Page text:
I’ve been managing Oracle databases since about Version 6, so I have seen a lot of trends over the years, and watched as the Oracle database morphed from Oracle 7.1, the integration with Digital Rdb, the short-lived 8.0 release, 8.1, 9i, 10g, 11g and sometime soon 12c.
The database software is immensely complex and deep, and the never ending list of new features mean there is always something to learn. Some amazing people have worked on the development of the software over the years, and still more have experimented, analyzed, written about and evangelized about it.
I’ve watched as Oracle struggled to add replication through Symmetric Replication, Advanced Replication, Streams, Logical Standby and finally they threw in the towel and bought Golden Gate. Not everything out of Redwood Shores has been production ready.
Having spent nearly 20 years as a production DBA, I was the one up at 2am fixing corruption, recovering databases and explaining to management why the website was down. I been around the block enough to separate hype from fact, and to never run version x.1 of anything! Having two kids and a busy home life, I also don’t have all day and all night to download Linux RPMs and patches from MOS, I expect stuff to basically work first time.
I also don’t have all day and all night to blog about every little widget I have installed on my home Sparc Super Cluster, if you are looking for such material then you will need to look elsewhere. What you will find here is, I hope, a useful collection of tips, scripts and notes on making Oracle work in a production ready state. Quirky, irreverent and often blunt, I am more interested in making it work well than having every one of Larry’s bells and whistles.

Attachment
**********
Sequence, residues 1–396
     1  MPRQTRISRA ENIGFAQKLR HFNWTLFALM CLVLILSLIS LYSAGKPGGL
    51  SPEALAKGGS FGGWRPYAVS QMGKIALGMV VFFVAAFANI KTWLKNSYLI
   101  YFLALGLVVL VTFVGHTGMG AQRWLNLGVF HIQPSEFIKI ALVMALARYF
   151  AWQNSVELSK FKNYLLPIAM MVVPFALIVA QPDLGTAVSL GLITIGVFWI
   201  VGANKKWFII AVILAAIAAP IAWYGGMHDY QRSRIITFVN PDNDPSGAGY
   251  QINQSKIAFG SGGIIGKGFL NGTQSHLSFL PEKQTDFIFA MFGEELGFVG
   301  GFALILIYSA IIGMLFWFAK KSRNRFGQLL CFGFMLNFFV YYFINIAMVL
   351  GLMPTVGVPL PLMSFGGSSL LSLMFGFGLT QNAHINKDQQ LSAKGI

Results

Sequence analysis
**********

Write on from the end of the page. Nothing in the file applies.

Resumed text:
Production DBAs will know what I mean.
The Gruff DBA (aka Oracle Jedi)
Since Sept 2011, I have worked for EMC evangelizing among the DBA community the advantages of EMC products such as the VNX and the Symmetrix VMAX. As trite as it may sound, after almost 20 years as a production DBA, I found storage was often critical to reliable operation and performance. And in almost 20 years, Clariion and Symmetrix arrays rarely if ever let me down.
It should go without saying that the views and opinions expressed here are mine, and do not necessarily reflect those of EMC, but we live in an age apparently we have to clearly state the blindingly obvious.
I am not here to disparage the efforts of other storage vendors, including Oracle, but I thought readers should know my position here.